NEON's annual fall event features a bevy of family friendly fun. Boise Weekly stopped by last year's event and took photos of the packed plant purveyor's Hill Road location, where pumpkins and faces were painted, the wares of local artisans were perused, and live music filled the air.
The Boise State University Theatre Arts Department is hosting its second annual costume sale Saturday, Oct. 20. Funds raised from the sale are put back into the department and used to purchase supplies that both educate theater students, and provide detailed costumes for the department's various productions. Last year's funds were used to purchase sewing machines and costume racks.
Attendees can, of course, expect to find an abundance of beer at the festival, with season-appropriate brews from far, far away, as well as Sierra Nevada and locals Payette Brewing Company and Crooked Fence Brewing Co.
But the fun isn't all for the legal-to-drink set. From noon-5 p.m., attendees of all ages can explore the rides of yesteryear with a car show from This-N-That Classic Car Group and peruse crafts from local artisans.
Pack a picnic dinner and channel your inner astronomer as you enjoy daytime and dusk moon viewing, a guided constellation tour and dark sky object viewing with people who know a thing or two about celestial bodies. Members of the Boise Astronomical Society will set up their telescopes and help you figure out what you're looking at.
The event is hosted by industrial recycled-art purveyor Refinerii and will employ a Venetian carnival-steam punk theme. Think feathers, masks and elaborately embellished attire mixed with goggles, top hats and industrial items. Attendees are encouraged to don costumes and prizes will be given out for best mask, top hat, overall costume and more.
This year's events include a look at the mining and moving of ore in the Wood River Valley with historian Ivan Swaner on Wednesday, Aug. 29, performances by the Blackjack Ketchum Shoot-Out Gang in front of Ketchum's historic Casino Club, a children's carnival at Giacobbi Square and pancake breakfasts.
The day of fun and learning includes the chance to cruise a selection of insect specimens and chat up entomologists, then give your little one a jumpstart on becoming one by earning a certificate of "bugology."
The event that brings about corn dogs, funnel cakes and the choicest people watching in the valley kicks off Friday, Aug. 17, and continues through Sunday, Aug. 26. Idahoans can flock to Garden City beginning at noon every day in search of tasty gut-bombs and carnival rides.
The day of barbecues, fireworks, burn kits and above-average levels of patriotism is near, and if your Fourth of July plans consist of little more than cranking up Toby Keith and buying a flag or flag-design six pack of Budweiser, check out these happenings around the Treasure Valley.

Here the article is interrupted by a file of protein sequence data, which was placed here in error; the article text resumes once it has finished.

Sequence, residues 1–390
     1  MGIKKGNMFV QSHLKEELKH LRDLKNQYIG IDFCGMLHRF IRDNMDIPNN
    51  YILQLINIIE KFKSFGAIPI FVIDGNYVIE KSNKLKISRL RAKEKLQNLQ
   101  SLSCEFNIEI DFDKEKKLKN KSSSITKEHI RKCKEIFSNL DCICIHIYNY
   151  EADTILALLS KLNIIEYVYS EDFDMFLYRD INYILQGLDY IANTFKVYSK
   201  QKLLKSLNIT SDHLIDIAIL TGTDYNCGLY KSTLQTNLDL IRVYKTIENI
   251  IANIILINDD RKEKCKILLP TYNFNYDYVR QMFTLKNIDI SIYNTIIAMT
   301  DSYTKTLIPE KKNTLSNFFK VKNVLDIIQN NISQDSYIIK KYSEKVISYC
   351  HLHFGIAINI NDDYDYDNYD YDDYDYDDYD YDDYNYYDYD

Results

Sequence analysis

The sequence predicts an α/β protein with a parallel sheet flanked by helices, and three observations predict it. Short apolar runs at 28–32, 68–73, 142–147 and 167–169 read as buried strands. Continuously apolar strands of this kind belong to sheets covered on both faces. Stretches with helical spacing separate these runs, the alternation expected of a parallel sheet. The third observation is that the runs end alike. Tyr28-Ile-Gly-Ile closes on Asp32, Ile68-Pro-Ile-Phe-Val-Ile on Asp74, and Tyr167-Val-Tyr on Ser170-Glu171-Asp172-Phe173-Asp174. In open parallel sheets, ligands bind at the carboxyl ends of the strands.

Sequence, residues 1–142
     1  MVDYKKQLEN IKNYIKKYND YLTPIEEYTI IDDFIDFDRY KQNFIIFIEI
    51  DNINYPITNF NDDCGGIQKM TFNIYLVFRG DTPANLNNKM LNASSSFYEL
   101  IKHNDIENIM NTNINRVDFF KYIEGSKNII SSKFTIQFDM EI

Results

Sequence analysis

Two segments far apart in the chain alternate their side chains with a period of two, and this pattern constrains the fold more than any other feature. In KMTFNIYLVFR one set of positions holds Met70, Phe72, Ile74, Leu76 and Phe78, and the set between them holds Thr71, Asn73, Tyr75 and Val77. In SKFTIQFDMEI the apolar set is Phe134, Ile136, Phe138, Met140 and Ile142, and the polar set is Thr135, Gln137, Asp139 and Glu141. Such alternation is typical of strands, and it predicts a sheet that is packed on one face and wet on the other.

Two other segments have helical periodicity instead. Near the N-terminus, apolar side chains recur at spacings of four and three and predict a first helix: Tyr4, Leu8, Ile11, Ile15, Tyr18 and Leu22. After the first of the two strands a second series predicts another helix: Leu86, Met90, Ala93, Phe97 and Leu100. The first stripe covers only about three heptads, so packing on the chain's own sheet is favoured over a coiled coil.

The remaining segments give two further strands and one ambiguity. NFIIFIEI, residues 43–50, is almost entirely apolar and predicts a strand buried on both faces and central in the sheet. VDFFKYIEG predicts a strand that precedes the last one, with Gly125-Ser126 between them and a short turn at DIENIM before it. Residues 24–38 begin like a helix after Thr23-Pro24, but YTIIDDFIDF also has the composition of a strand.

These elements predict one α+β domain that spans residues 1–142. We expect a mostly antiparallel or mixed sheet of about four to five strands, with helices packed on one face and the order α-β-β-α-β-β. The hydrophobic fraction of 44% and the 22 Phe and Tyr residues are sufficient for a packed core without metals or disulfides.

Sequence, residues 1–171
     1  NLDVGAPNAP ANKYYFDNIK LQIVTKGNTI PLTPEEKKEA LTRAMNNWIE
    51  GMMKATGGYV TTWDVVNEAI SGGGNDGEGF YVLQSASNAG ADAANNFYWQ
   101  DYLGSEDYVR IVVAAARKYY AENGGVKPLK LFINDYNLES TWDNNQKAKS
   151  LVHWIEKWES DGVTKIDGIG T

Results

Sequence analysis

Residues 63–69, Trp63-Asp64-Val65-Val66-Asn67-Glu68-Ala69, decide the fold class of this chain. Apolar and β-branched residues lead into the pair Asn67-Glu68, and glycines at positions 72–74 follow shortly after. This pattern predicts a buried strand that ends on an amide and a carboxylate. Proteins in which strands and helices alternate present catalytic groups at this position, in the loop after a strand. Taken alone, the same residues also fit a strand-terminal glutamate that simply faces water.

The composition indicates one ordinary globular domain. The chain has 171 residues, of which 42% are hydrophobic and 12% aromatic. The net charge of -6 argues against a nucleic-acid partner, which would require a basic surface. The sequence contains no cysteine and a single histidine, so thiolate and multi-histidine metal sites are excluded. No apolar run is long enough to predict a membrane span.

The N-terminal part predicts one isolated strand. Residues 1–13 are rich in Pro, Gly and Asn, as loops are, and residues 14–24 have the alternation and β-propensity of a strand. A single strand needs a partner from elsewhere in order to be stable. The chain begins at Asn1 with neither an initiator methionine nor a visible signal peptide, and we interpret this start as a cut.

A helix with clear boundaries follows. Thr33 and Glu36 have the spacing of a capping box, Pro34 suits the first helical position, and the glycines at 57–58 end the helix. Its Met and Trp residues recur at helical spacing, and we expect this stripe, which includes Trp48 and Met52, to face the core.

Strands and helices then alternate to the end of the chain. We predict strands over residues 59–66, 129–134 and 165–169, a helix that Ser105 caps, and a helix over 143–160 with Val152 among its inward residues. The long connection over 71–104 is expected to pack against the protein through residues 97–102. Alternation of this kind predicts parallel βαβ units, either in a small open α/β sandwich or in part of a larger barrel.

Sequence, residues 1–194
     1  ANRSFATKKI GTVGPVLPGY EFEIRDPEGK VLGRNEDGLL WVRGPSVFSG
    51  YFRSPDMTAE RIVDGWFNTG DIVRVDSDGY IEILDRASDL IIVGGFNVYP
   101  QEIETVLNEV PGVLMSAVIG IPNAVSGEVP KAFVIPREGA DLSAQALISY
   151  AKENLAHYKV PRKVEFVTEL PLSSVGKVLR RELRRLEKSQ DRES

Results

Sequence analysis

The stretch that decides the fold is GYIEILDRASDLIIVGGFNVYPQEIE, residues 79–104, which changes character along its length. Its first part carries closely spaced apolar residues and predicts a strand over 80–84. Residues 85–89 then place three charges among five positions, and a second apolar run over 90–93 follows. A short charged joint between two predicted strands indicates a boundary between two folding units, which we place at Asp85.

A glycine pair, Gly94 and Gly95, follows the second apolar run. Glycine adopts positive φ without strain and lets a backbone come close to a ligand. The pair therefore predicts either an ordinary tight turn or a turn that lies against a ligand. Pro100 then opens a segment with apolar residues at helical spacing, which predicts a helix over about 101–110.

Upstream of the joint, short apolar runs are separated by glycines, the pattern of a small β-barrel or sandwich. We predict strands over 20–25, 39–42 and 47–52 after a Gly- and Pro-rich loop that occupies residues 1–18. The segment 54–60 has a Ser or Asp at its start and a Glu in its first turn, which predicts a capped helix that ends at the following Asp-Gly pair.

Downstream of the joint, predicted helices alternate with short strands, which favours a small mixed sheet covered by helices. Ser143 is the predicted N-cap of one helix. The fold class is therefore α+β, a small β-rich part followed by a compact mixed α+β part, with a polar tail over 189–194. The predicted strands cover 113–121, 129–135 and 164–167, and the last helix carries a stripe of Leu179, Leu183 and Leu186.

Assuming that Mother Nature cooperates, BAS representatives will set up specially filtered telescopes in the large field on the side of the CWI campus building at 4 p.m. so attendees can watch the transit of Venus across the sun without worrying about burned retinas.
Get ready to see all sorts of dragons, Chinese symbols, nautical-themed designs and inked pledges to ex-lovers—the inaugural 208 Tat2Fest is going down in Boise Friday, May 25, through Sunday, May 27.
An Artistic Taste of Garden City will take place at VAC, Woman of Steel Gallery and in the space between the venues. It will include local performance and visual art, pottery throwing, glass blowing, music, silent auction and a tour of Steve Fulton's recording studio.
Most museums shut their doors sometime around the start of post-work-day happy hour, but Saturday, April 28, the Idaho State Historical Museum will allow patrons to take in the twilight hours while perusing its exhibits and having a swell time.
Night at the Museum—sans Ben Stiller—will take place at 6 p.m., and attendees may enjoy the museum's exhibits, in addition to an eclectic mix of entertainment.
Well, it's that time of year again. The time when people-watching in the City of Trees is at its best, buying local is at its easiest, and Saturday mornings are a lot less dull.
The Capital City Public Market will kick off Saturday, April 21, and the 2012 season will feature 140-160 farmers, artisans and local businesses that will line Eighth Street from Bannock Street to the Grove, and Idaho Street between Capitol Boulevard and Ninth Street.
April 4 BW published its annual guide to all things food and booze: Restaurant + Bar Guide. Now that you've spent a week salivating, it's time satiate your craving for a gluttonous good time.